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Arctic scientists praise new international agreement as a win for diplomacy

Antarctic Iceberg

Antarctic Iceberg A group of Arctic scientists is praising a recently signed international agreement, saying the Agreement on Enhancing International Arctic Scientific Cooperation is not only good for Arctic science, the environment and commerce but it’s also a shining example of successful international diplomacy during these tough times on the geopolitical front.

Diplomatic relations have been charting through some troubled waters as of late, with conflicts in places such as the Ukraine and Syria raising the stakes between Russia and Western nations, for example, including Canada, which has recently provoked the ire of Russian president Vladimir Putin by setting up sanctions against Russian nationals suspected of human rights crimes.

Russia’s response to Canada’s passing of a so-called Magnitsky Law has been to play a bit of tit for tat, by yesterday announcing a further group of Canadians who are now said to be barred from entry into Russia. “We can confirm that a large number of Canadian political actors pursuing a toxic Russophobic agenda were blacklisted,” said Kirill Kalinin, a spokesman for the Russian embassy in Ottawa to Global News.

Into this tense situation comes the International Arctic Science Committee which just completed a two-day meeting in Moscow “to discuss obstacles of research in the Russian Arctic” and what the international scientific community can do to help.

A lot, says a group of scientists from the US, Norway, Iceland and Russia who together penned a recent commentary in the journal Science underscoring the importance of the Agreement on Enhancing International Arctic Scientific Cooperation, signed this past May by the eight countries with Arctic sovereignty claims, as a symbol of successful international diplomacy in action.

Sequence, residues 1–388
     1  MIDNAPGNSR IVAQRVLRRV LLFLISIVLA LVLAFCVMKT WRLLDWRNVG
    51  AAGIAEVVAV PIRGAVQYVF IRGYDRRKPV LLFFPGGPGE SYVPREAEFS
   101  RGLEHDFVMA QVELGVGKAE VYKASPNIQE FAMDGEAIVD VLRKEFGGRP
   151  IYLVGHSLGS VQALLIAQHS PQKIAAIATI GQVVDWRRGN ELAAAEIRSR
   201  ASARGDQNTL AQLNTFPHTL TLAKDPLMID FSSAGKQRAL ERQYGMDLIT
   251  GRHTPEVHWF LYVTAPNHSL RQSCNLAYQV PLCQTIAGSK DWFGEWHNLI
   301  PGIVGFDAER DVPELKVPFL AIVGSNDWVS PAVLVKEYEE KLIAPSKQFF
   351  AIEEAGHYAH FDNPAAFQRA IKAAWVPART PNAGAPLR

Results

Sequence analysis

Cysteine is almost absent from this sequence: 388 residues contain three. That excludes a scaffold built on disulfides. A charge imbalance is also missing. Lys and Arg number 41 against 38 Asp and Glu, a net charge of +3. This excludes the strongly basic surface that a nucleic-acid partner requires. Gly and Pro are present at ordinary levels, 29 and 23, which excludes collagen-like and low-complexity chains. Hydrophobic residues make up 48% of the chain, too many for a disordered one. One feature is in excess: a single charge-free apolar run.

“This Arctic Science Agreement is a strong signal reaffirming the global relevance of science as a tool of diplomacy, reflecting a common interest to promote scientific cooperation even when diplomatic channels among nations are unstable,” say the authors.

A result of negotiations between the eight nations in consultation with six Indigenous Permanent Participant organizations of the Arctic Council, the agreement sets a legally binding agenda for scientific cooperation, facilitating access and collaboration between scientists across national borders.

“The Agreement will reinforce Canada’s role as a leader in Arctic science and help attract international researchers to the Canadian Arctic,” said Canada’s Foreign Affairs Minister Chrystia Freeland at the signing in May. “It will also facilitate Arctic scientific cooperation, which will help us make better decisions for Northerners and all Canadians.”

And with global warming helping to open up the Arctic to further commerce and trade, Arctic science is all the more needed to gauge the environmental risks that expanded economic activity in the Arctic may impose.

“Researchers can and should invoke the Arctic Science Agreement as a research-facilitation tool to build partnerships, conduct fieldwork, access data, and begin to answer previously unanswerable scientific questions, especially with pan-Arctic dimensions,” say the authors, who say that the agreement couldn’t have come at a better time in terms of international tensions.

“Historically, polar scientists have played important roles in building East-West cooperation,” the authors say.

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About The Author /

Jayson MacLean
Jayson is a writer, researcher and educator with a PhD in political philosophy from the University of Ottawa. His interests range from bioethics and innovations in the health sciences to governance, social justice and the history of ideas.

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